GALA’s program, which is more than 20 years old, targets at-risk Latino youth in the D.C. area. In each of the three main cycles — winter, spring and fall — a group of 25 students meets four times a week to study the work of Hispanic authors and write their own material: poetry, short plays, songs, monologues. All classes are taught in Spanish and English. At the end of each session, the students perform their work on GALA’s main stage, as well as participate in the backstage end of production by working on lights, sound, design and publicity, and they each receive a stipend. Those who have a passion for music that doesn’t extend to theater can join the Paso Nuevo band, EsLatin, which recently recorded a six-song demo CD.
What would Sanchez’s answer have been to that “where would he be now” question? Prison.
“Honestly, I think I would be probably sitting behind bars,” he said. “I see a lot of different people on my way to GALA. I see young teenagers with drugs and getting themselves into trouble that they don’t need to be in. A couple days ago, I saw a 10- or 11-year-old I knew who was getting locked up for having marijuana on him. And I was like, what if I never joined GALA? What if I was out here, outside on this street? I think GALA saved me from a lot trouble.”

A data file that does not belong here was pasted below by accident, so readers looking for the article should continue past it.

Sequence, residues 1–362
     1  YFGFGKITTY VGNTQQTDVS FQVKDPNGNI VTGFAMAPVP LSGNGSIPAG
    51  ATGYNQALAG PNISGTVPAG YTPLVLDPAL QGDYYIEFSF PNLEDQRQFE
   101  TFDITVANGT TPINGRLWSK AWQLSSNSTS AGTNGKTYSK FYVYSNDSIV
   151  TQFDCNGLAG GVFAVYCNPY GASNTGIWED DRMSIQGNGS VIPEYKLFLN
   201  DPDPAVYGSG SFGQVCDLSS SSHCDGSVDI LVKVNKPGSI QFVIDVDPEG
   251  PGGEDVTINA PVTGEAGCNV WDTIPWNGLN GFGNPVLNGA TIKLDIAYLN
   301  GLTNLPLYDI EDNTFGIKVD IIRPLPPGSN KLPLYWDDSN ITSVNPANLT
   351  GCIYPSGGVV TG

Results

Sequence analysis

First lady Michelle Obama congratulated the dozen honorees and the educators who lead them. “You make this happen on shoestring budgets . . . to give these kids opportunities worthy of their promise.”
She spoke to the “labor of love” it has been to “make the White House a showcase for America’s rich cultural life,” and said she and the president “are looking forward to another four years to do even more.”
Rebecca Read Medrano, co-founder and executive director of GALA, said this is the third year that Paso Nuevo has applied for the honor. As for why 2012 was “the magic year,” as she put it, she cited “the changing environment of Latinos. People are realizing the contributions [of Latinos] and that the demographics are changing. One in every four kids in this area is Latino now. There’s an awareness that they need to have a voice.”
Medrano said that teenagers who complete the Paso Nuevo program graduate high school at a 15 to 20 percent higher rate than teens who don’t participate. “The important thing is, are these kids able to survive in a city like this where they might be on the streets in gangs?” she said. “The arts are able to turn that around. That’s a huge contribution to society and to these kids.”
Obama wrapped up her remarks with a call to action. “If [these students] draw on their own talent, courage and creativity . . . then they can truly make something extraordinary of their lives. Because that’s what we expect — extraordinary.”